Education: a-z of universities Napier

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Age: Five as a university.

How many lives: Four. Started out as a technical college in 1964, merged with a college of commerce to become a poly. Metamorphosed into a university in 1992 when all the polys jumped into the big league.

Address: Edinburgh. Has four campuses in the south-west corner of that city plus 13 smaller sites dotted elsewhere. Two health studies outposts in Melrose (Sir Walter Scott country) and Livingston - in the heart of commuterland.

Ambience: The capital of Scotland is stunning, groaning with culture, heritage and entertainment. Also very beautiful with ethereal light, a castle and palace and thousands of pubs. One hell of a place to be a student. Main campus is a large modern block with the ancient Tower of Merchiston in the centre. That's where mathematician John Napier, inventor of logarithms, after whom the university is named, was born in 1550.

Vital statistics: As a new university Napier has been growing at a tearing pace. Particularly big in business management, bio-sciences, electronics, media studies, music, new materials, statistics and transport. Facilities were seriously overstretched until new campus opened. Has vocational work sewn up to a capital V. All students can sign up for CV-enhancing work experience or mosey down to the university's Centre for Entrepreneurship.

Added value: Strong links with business and industry mean good work placement opportunities and masses of industry input to course design.

Easy to get into? For law you need BBCC in Highers and three Cs at A level; for journalism four grade Bs in Highers or BCC at A level plus interview; for photography, film and TV, BBC or BCCC in Highers or BC at A level.

Glittering alumni: Radio 1 DJ Mark Goodier; photographer Colin Baxter; Hong Kong shipping tycoon Stephen Ho; Greg Kane of Hue and Cry; Chris Robinson, chairman of Hearts of Midlothian football club; BBC news correspondents Jane Franchi and Bill McFarlan; Gladiator "Siren" (alias Alison Paton).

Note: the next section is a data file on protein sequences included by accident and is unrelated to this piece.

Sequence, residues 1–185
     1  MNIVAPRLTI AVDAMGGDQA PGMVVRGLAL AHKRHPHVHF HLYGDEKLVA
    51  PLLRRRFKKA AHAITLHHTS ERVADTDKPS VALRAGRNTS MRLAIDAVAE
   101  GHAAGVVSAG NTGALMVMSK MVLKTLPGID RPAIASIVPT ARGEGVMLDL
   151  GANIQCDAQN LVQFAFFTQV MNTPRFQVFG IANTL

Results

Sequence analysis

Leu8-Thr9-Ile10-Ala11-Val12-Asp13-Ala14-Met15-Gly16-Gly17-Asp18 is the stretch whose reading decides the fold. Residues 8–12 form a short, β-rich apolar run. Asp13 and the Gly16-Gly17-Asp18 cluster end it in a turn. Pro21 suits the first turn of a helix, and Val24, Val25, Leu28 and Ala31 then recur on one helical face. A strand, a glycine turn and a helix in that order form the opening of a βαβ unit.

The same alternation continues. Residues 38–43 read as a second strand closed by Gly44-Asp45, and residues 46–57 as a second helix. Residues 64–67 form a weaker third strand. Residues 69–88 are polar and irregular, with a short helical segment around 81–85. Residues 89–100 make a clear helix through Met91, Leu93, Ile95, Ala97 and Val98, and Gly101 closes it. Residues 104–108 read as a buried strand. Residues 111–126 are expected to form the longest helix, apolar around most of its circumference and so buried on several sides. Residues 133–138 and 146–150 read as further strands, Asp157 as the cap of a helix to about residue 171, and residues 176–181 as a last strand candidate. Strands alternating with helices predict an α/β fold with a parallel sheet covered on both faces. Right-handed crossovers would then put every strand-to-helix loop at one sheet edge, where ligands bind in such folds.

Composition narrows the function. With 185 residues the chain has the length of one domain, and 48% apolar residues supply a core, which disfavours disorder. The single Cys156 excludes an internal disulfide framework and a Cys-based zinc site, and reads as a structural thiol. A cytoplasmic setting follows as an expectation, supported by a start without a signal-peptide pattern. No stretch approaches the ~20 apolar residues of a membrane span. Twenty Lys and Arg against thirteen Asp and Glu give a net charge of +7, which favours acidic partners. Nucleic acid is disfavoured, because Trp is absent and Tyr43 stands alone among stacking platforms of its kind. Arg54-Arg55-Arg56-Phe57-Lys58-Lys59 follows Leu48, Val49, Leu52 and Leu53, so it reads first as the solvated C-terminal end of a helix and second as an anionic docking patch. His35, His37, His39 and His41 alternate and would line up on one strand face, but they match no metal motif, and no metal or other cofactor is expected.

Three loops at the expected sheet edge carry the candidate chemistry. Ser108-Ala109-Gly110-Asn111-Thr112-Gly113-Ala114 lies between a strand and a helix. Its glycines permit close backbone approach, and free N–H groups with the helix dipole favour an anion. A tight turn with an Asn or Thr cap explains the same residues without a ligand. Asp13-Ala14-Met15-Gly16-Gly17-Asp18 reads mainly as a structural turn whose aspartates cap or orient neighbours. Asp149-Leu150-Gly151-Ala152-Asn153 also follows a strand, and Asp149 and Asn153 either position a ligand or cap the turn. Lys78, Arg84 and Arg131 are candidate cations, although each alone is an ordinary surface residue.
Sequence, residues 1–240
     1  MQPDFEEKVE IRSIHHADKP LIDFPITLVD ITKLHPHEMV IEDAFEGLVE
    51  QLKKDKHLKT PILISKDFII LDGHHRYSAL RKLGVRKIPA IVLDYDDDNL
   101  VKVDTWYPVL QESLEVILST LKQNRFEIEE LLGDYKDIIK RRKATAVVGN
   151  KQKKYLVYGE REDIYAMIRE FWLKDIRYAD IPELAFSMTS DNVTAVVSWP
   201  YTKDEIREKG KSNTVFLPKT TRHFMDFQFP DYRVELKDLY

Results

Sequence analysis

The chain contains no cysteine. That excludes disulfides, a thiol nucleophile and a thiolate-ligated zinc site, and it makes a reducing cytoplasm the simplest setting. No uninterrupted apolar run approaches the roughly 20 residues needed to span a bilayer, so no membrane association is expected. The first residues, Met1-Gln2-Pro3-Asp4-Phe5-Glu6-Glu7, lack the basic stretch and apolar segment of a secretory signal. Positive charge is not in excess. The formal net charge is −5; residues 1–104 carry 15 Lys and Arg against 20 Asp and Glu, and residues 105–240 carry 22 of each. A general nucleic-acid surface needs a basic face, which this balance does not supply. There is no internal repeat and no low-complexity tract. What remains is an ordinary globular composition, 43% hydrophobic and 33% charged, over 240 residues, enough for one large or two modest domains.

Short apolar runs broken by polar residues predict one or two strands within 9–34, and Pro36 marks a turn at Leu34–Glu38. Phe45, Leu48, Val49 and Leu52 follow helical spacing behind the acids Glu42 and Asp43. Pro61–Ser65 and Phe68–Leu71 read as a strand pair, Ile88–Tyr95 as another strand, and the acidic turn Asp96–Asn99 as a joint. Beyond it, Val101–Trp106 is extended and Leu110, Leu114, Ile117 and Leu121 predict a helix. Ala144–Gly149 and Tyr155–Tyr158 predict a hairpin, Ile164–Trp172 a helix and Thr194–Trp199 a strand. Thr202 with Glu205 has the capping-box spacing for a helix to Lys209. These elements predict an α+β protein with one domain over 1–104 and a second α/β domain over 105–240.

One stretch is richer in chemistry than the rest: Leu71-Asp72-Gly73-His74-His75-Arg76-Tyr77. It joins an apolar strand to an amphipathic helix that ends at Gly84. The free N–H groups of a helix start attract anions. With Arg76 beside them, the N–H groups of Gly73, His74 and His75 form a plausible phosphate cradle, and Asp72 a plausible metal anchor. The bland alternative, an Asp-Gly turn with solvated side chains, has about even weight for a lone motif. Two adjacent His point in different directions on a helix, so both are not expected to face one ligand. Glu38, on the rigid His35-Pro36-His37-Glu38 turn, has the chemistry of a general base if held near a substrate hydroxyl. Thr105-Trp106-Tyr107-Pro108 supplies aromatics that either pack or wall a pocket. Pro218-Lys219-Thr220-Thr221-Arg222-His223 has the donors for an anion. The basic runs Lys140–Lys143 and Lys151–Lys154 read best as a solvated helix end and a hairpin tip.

Who's the boss? Professor John Mavor, former dean of science at Edinburgh University, famous for his collection of bow ties.

Transport links: Public buses take you from one site to another and into the city. Intersite buses are criticised for being too small and too infrequent. Bicycles are useful but, remember, Edinburgh is built on seven hills.

Teaching rating: All satisfactory or highly satisfactory under the Scottish higher education council system. Highly satisfactory are building, hospitality and tourism management, mass communication, cellular and molecular biology, organismal biology, civil engineering, chemistry, mathematics and statistics.

Research: 68th out of 101 in the 1996 research assessment exercise. The first new university in Scotland to gain a grade 4 (out of a maximum possible of 5) - for biological science.

Financial Health: In the black but plans to dip into borrowing to finance its new campus, Craighouse, located in an old Scottish baronial home on 67 acres atop one of Edinburgh's hills.

Night life: Most popular drinking hole on campus is Merchiston, known as "the Merkey" or "Bertie's Bar" run by the ebullient Bertie. Several wicked dance/retro nights held during the year, and that's about it.

Cheap to live in? Not the cheapest. Costs pounds 50.50p a week without food in university accommodation and about the same in the private sector.

Buzz-phrase: Ya' dancer (expression of euphoria)

Next week: Newcastle

Lucy Hodges